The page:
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Drive Organizational Effectiveness by Building Trust

The MT Conferences section did not involve the reporting or the editorial staff of The Moscow Times.

Felix Kugel
Vice-president & Managing Director
ManpowerGroup Russia & CIS

At the beginning of a new quarter, many organizations review their strategies and goals for the months to come. Now is the right time for leaders to reflect on how to enhance organizational effectiveness. Strengthening employee engagement should be a top priority.

Engagement's Role In Organisational Effectiveness

Engagement encompasses more than just traditional notions of job satisfaction. It consists of an active commitment to doing the job well and helping the organization achieve its goals and strategies. Engaged employees take pride in both their organization and their work. A growing body of evidence is emerging to show that engagement is one of the essential levers of individual and organizational productivity and success.

Yet, a growing body of evidence is also emerging to show that in many organizations, levels of employee engagement have reached crisis lows. Our own extensive global research has revealed that worldwide only 34 percent of employees in organizations employing more than 50 people identify themselves as fully engaged, while a huge 50 percent identify them­selves as completely unengaged.

Our study surveyed the views of nearly 30,000 employees in 15 countries on a wide range of topics related to organizational effectiveness, including leadership and engagement. We not only discovered a statistically significant correlation between positive assessments of leadership and strong declarations of engage­ment, but also isolated those leader practices and behaviors that appear to impact engagement most.

Among the several practices and behaviors analyzed, the four showing the highest correlations with engagement are as follows:

1) senior leaders value employees;

2) senior leaders have the capability to make my organization successful;

3) senior leaders effectively implement my organization's strategy;

4) senior leaders effectively communicate my organization's strategy to employees.

What stands out about these drivers is how coherent a picture of employee engagement they present. Employees want to work for successful organizations and for leaders with the capacity to implement strategy and create success (drivers 2 and 3). They also want the organization's strategy to be effectively communicated to them so they can play a meaningful role in realizing that strategy and helping the organization succeed (driver 4). Above all, they want senior leaders to acknowledge their work and value their contribution (driver 1). Senior leaders who ensure that these conditions are satisfied will be rewarded with higher levels of engagement and better business performance. But where to start?

Start With Trust

Building trust through effective communications is an absolute essential. Employees need to trust that their leaders have the capability to make the organization successful. To win that trust, leaders must show that they have a plan, articulate that plan clearly to employees, and demonstrate that that plan is being implemented effectively. But gaining the trust of sometimes skeptical employees is only half the equation. Trust is a two-way street. Leaders must also show that they, in turn, trust employees to help drive organizational success. They must make employees valued partners in a common enterprise. Employ­ees want not only to know what the bigger picture is, but also to feel that they are a part of that picture.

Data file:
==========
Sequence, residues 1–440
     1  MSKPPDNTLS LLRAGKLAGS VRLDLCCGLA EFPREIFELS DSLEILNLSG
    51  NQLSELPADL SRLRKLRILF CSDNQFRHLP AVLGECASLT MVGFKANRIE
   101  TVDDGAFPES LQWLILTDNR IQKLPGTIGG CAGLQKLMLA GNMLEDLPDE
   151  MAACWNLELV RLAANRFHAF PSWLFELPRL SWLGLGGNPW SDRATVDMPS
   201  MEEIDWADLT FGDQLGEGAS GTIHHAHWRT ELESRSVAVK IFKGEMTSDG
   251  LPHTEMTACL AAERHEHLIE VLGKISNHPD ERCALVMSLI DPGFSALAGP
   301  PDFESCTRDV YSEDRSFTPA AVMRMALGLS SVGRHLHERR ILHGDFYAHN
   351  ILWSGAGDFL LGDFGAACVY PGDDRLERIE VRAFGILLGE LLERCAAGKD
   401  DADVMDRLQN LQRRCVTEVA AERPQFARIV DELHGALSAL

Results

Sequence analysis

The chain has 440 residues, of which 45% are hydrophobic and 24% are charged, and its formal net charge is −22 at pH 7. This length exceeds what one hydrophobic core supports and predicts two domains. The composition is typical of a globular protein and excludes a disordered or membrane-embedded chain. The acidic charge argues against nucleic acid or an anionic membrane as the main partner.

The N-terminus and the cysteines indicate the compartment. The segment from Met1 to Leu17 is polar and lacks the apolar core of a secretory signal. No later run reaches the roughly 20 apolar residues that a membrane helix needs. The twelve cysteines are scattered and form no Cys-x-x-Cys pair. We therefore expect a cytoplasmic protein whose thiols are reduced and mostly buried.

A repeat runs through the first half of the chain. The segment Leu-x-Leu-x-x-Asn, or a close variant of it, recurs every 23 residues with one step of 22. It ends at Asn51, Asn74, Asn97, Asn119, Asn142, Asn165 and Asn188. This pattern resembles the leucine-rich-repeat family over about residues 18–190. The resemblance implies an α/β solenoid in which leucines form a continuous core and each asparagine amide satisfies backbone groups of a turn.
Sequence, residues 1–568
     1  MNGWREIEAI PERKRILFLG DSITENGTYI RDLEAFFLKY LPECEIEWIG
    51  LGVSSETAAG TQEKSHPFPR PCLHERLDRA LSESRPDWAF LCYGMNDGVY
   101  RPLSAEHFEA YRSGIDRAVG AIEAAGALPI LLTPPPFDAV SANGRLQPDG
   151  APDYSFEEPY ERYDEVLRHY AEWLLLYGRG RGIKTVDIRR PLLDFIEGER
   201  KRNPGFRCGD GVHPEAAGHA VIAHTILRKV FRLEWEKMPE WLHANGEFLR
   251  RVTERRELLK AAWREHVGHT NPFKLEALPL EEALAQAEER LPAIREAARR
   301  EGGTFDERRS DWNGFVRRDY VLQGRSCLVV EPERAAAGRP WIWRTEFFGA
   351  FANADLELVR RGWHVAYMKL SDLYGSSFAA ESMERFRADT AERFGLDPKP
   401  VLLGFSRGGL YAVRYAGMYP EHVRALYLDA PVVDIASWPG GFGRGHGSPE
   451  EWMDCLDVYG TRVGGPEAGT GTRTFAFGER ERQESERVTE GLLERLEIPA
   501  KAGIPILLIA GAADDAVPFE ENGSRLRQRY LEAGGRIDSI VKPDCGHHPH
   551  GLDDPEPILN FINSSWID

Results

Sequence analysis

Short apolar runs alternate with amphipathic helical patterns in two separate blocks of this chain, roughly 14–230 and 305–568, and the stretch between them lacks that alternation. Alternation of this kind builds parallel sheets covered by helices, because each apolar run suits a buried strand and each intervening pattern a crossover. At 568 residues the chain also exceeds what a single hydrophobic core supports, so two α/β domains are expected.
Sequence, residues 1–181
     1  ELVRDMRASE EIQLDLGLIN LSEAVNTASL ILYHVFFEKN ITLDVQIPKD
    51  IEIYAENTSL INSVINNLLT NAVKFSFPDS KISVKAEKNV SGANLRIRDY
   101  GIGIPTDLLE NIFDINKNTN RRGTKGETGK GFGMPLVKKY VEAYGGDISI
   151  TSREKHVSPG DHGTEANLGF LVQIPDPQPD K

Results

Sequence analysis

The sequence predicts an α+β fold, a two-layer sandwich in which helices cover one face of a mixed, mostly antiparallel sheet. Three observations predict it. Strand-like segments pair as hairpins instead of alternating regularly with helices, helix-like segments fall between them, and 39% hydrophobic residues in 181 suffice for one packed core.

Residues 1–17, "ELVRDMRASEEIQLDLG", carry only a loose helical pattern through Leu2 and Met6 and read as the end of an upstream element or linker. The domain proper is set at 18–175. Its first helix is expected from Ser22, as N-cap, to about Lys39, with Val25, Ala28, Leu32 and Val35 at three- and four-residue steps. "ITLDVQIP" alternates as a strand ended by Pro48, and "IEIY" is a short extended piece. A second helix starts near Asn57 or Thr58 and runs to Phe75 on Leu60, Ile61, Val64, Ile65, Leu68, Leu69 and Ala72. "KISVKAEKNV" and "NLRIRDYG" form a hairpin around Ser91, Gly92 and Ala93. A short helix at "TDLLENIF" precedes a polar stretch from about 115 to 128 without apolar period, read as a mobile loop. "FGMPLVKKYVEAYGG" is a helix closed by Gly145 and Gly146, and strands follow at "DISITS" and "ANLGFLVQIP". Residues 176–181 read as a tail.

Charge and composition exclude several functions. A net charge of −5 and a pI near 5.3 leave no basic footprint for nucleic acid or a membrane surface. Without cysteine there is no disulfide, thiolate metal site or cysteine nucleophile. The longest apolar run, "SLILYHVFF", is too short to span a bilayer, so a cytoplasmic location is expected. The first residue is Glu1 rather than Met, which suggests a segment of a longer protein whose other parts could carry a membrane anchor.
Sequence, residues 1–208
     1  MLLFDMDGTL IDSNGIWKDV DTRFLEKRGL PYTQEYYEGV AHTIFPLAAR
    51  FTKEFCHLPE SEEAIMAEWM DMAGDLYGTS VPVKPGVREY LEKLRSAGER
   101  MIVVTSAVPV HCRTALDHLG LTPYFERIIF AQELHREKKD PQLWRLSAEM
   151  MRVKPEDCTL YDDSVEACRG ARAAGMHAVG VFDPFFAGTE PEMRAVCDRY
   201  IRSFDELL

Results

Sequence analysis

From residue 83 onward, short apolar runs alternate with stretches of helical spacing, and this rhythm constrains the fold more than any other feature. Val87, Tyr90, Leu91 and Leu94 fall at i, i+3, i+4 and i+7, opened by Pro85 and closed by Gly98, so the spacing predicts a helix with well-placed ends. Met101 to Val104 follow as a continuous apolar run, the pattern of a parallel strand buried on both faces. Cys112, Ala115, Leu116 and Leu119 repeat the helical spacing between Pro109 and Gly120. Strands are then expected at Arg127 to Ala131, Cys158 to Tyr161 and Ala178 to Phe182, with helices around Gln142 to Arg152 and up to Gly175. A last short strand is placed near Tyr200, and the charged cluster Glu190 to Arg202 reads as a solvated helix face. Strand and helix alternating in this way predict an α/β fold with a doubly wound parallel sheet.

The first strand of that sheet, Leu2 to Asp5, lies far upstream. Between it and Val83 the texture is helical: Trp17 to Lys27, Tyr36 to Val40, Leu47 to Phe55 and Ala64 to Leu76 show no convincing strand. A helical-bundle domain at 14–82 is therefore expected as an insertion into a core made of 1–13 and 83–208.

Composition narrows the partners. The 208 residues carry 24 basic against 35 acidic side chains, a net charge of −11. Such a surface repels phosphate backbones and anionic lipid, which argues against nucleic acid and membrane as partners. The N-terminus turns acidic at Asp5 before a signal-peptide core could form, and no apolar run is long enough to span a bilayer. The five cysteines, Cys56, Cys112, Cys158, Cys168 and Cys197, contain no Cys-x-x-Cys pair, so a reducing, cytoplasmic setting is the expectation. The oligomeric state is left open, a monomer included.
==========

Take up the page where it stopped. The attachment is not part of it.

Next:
Significantly, establishing trust and driving engagement is not simply a matter of senior leaders increasing their visibility among, and face time with, individual employees. Senior leader walkabouts, in other words, are of very limited value. Of all senior leader practices considered in our study, senior leaders making themselves visible to employees scored the lowest correlation with engage­ment. Senior leaders, this result suggests, have to make it real.

In our view, they are best advised to work through their leadership team. Deepening trust among members of the team is a first step toward deepening trust throughout the organization. Through a process of self-discovery and team discovery, leaders can collectively establish the mutual understanding essential to achieving alignment around the engagement issue. In communicating strat­egy, demonstrating its effective implementation, revealing leadership's ability to achieve success, and showing respect for employee contributions, leaders at all levels must sing from the same songbook. From the senior leader on down, the messaging must be consistent.

Equally, the flow of information must be constant from immediate managers on up. If valuing employees involves enlisting them as business partners, then listening to them is as important as talking to them. A non-leadership item included in our study that scored a very high correlation with engagement was, "My opinions count." Senior leaders are well-advised to listen and take employee opinions into account when making strategic and other important business decisions. The role of leadership at all levels to solicit employee opinions and pass them on to the senior leader is, clearly, crucial.

In sum, I'd like to add that in a volatile economy in which many organizations face strong headwinds, employee engagement and productivity assume increasing significance. Senior leaders have a special role to play in creating a culture of engagement based on trust. Working closely with their leadership team, they must demonstrate their trust in employees and, in turn, inspire employees to place their trust in them.

The MT Conferences section did not involve the reporting or the editorial staff of The Moscow Times.

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